“Gathering Lines” shines a light on the environment at the Brooks Center
The Brooks Center’s latest lobby art exhibit shines a light on the environment with Kathleen Thum’s “Gathering Lines,” on display now until Thursday, April 27.
An assistant professor in drawing at Clemson since 2011, Thum’s exhibit began as a reaction to the 2010 Deep Water Horizon oil spill in the Gulf of Mexico. “I had been living in this culture, somewhat unaware of oil and petroleum, and, all of a sudden, the oil spill made me really hyper-aware,” she said. “This was a way to reflect on that and think about it.”
This spark of inspiration has led to almost seven years of work on the subject: “I became transfixed by the imagery shown on BP’s webcam video,” Thum said. “When they were trying to cap the spill, they had cameras down on the ocean floor with a live video feed and I was really interested in the dramatic image of the pipeline spewing oil out of the ocean floor. I’ve held onto the image of the pipeline as an abstraction of the overall petroleum system and infrastructure.”
Thum’s larger pieces were created with ink on heavy watercolor paper. For her smaller works, she used mainly ink and watercolor, but added recycled motor oil (from her husband’s car) and crude oil (purchased on eBay).
“I want to have a little bit of seduction of beauty, of color, of material, to draw the viewer in,” Thum said. “Then maybe some hints at what the content is, so maybe they can start to process how the imagery and content work together. When I get a chance to talk about the work, that changes how people see it. I know sometimes there is a little bit of ambiguity, and people think, ‘Oh, I would never have thought that!’”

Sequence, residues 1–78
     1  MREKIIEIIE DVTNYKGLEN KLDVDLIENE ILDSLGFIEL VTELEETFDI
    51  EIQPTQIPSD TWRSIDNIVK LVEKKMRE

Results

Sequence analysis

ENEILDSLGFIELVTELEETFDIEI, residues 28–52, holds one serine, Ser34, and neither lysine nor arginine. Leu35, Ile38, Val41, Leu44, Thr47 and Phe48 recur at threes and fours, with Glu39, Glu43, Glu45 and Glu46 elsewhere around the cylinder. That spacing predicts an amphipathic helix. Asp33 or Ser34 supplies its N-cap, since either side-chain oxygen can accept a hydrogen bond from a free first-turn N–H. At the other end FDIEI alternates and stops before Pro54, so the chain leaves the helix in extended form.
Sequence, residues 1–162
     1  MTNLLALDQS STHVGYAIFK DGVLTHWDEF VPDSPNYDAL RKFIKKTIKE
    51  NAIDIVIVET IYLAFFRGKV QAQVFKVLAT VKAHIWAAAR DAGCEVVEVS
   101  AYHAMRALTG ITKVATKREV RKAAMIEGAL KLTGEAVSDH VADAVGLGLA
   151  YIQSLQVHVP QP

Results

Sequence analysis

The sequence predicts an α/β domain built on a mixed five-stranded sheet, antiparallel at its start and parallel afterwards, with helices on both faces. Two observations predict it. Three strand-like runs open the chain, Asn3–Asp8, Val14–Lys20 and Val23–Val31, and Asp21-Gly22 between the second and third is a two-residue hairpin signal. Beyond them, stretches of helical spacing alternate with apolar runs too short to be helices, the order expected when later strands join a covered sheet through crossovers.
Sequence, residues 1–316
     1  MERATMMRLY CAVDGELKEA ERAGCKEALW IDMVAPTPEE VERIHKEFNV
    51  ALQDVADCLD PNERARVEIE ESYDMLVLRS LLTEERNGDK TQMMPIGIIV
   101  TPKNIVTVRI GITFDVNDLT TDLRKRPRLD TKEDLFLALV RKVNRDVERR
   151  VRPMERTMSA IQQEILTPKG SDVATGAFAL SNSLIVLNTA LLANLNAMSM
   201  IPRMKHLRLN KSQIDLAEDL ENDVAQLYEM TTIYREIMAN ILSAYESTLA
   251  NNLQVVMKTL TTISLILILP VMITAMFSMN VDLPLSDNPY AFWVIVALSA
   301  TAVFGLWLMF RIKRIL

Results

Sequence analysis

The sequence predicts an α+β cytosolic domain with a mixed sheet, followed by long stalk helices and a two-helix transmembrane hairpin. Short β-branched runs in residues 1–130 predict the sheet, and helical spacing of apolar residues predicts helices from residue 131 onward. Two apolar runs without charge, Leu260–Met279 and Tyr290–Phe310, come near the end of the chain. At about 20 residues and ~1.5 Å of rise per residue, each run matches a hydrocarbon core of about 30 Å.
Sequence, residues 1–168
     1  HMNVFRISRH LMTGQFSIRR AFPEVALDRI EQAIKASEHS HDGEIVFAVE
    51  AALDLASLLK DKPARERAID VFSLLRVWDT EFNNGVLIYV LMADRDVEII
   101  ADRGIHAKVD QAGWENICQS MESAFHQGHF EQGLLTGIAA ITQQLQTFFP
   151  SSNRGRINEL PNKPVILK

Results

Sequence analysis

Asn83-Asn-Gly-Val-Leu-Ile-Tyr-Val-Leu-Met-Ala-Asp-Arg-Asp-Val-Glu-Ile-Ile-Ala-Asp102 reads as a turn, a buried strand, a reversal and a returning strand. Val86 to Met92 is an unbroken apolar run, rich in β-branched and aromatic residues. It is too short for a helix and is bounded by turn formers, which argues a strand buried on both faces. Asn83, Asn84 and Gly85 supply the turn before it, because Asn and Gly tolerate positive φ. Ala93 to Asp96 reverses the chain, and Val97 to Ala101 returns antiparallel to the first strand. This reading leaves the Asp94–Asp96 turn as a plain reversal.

Susan Kaplar first met Thum two years ago when she took Thum’s drawing class. Kaplar, Business Manager for the Brooks Center and an art student at Clemson, had seen Thum’s artwork at Furman University. “I was blown away and thought it would be fabulous to have in this space,” she said.
Originally, the largest works in the exhibit were even larger. To fit the Brooks Center Lobby, Thum layered the pieces composing each individual work to match wall space on which they are hung.
“The way that it flows, and the movement in the pieces; her statement about the way that nature works with the pipelines: I think her inspiration was a cool idea,” Kaplar said. “I think it’s a good piece to bring awareness to the environment. The Deep Water Horizon spill is an older story, but it’s always going to be relevant.”
Visitors are welcome to view the exhibit during the Brooks Center’s Box Office hours (1 to 5 pm; Monday through Friday) and 90 minutes before performances. Thum’s artist talk and reception will take place on Thursday, February 9, at 6 pm before the performance of Jessica Lang Dance at 7:30 pm.